Tag Archive: priest masturbates


Many people will ask every now and then….why don’t you priests, who have left the parish, convert to another religion?

Well everybody is free to answer that question according to his concience. There are no right or wrong answers. But surely one of the reasons which keeps us in the Catholic Church is the number of ecclesial documents which make us proud of our church! We studied, prayed and experienced the documents of the Second Vatican Council. Now we have this document by Pope Francis about the unique and rich area of the pan-amazonia.

It’s truly the true church which this pope is trying to make stronger. It is not simply a visit to this region. He wants to learn how they are successful in making the church a strong social element where others have failed (especially in Europe where churches are becoming similar to museums).

It is lead by the common people (women included which lead some to think that he is in favour of women priests). They do discuss many issues (mostly ecological but including justice). They decide which path to take. Finally they go for it! They are enlarging or putting under the religious discussion subjects which at first glance have nothing to do with religion. On the other hand it’s listening to what the people feel the need to discuss, which in the end is illuminated by the bible. It is the people’s church.

Unfortunately most journalists already missed the point by selecting one or two issues. It will be interesting to see how politicians are going to react to this document.

Surprisingly in many countries, nothing is heard of this document. We are referring to Catholic news agencies. As one commentator has commented, it seems that part of the church is boycotting Pope Francis!!

Let’s come to our part where it has given hope to many people that future priests maybe married. Well, it’s not simply that married priests are going to be part of the future and that’s it! The church has to become owned by the common people. The people have to show their fears, hopes, dreams etc… The communities have to become vibrant. Obviously, the communities are lead by couples. In this context, the couple which is animating the community, could be ordained a priest (referring to the man).

Introducing married priests in a church where the community is practically dead won’t bring about the necessary changes! Secondly, simply putting a married couple in a church where they don’t know the community and the community doesn’t know them, would be risking a lot.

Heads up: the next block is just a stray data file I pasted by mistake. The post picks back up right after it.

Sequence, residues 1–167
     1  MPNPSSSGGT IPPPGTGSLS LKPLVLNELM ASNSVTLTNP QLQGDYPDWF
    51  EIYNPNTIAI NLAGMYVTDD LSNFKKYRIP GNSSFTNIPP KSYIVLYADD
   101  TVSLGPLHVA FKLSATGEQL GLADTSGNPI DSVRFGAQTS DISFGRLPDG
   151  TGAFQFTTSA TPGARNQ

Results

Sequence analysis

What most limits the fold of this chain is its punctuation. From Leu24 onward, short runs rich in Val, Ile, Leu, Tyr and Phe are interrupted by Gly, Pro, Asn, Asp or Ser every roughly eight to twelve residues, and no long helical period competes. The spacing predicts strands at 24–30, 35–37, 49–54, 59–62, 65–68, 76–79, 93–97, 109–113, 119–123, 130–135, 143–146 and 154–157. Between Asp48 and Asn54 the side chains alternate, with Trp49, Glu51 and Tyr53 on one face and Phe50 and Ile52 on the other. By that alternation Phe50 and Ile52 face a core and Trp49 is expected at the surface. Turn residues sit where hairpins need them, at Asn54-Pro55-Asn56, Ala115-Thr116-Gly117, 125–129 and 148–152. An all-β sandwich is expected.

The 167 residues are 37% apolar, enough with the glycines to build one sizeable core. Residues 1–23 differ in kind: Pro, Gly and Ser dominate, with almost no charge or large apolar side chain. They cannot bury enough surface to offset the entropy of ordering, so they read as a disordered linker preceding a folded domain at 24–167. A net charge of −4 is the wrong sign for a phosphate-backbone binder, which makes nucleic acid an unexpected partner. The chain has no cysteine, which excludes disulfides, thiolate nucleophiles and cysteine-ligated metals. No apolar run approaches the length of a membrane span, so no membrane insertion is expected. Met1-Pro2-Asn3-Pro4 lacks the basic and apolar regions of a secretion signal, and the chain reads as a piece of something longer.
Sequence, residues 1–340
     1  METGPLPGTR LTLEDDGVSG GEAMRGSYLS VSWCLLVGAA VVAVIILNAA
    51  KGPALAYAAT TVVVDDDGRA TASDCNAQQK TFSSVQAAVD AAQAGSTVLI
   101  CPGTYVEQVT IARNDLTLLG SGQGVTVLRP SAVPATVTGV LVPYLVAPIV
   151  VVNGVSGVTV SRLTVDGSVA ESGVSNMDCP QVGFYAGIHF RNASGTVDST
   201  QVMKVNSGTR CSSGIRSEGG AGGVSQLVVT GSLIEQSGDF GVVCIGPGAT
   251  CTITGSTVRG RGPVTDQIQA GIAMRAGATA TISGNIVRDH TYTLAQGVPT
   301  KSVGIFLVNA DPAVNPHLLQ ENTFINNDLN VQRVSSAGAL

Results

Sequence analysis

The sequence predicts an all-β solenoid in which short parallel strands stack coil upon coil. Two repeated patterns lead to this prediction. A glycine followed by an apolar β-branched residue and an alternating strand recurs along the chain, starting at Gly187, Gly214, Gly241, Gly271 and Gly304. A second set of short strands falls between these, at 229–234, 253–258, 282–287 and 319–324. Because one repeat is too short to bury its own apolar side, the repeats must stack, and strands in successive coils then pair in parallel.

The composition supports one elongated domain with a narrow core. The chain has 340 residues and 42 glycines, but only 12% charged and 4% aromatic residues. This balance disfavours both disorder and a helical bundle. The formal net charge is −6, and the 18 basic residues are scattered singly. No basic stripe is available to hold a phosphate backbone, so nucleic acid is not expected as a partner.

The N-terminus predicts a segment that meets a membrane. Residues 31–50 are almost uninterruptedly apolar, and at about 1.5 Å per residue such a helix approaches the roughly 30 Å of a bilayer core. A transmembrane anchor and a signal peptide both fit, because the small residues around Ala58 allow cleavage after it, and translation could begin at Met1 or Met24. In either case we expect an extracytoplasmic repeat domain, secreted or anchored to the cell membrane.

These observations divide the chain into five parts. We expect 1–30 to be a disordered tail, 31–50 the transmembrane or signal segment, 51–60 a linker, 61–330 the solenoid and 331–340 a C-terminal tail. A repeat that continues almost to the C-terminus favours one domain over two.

We know that many people haven’t been to Amazonia or Latin America. One of the fundamental differences with Western Europe is that the spirit of community is so high! This is not only for the church but rather on every social level. It’s like the old life in our villages where everybody greeted each other and took care of each other.

The second reflection is that the church should be concerned with the environment. One because the environment is truly important (St. Francis had a long vision in this area notwithstanding living in the middle ages). This shows that the church is concerned with what the people experience. It’s not a study about religion with no reference to today! As one had said, one hand on the bible and one hand on the newspaper (referring to today’s concerns).

An interesting part is that of questions. I think it’s unheard of that the Vatican publishes questions in order to help all those discussing the theme! It’s another first for Pope Francis.

Readers have every right to access the document published by the vatican here.

Advertisements

Today we wish to welcome the priests who in great secrecy read our blog. We wish to welcome them in a special way. Looking back, our writing may give the impression that it was too harsh on priests.

So we feel the need to clear the air today. We are not judging anybody, neither the priest nor the woman when they fall in love. On the other hand we cannot accept the fact that some priests do play with a woman’s heart, at times they want simply to have the best of both worlds!

We are the first to acknowledge that it’s not easy from the priest’s part to leave everything and marry the woman. What we are looking for (and most of the women readers too), is sincerity and total transparency. Like in all relationships, there is no clear formula to follow but at least if there is total openness, and real communication, at least the women can understand the priest. The most hated action is that of hot and cold response. They can’t satisfy their conscience simply with the thought that no sex has taken place. Any human being has feelings. Now sharing some information which is considered to be confidential will bring the two persons on a deep level (sex or no sex). That kind of intimacy cannot be deleted too quickly. They cannot simply discard the person after such experience.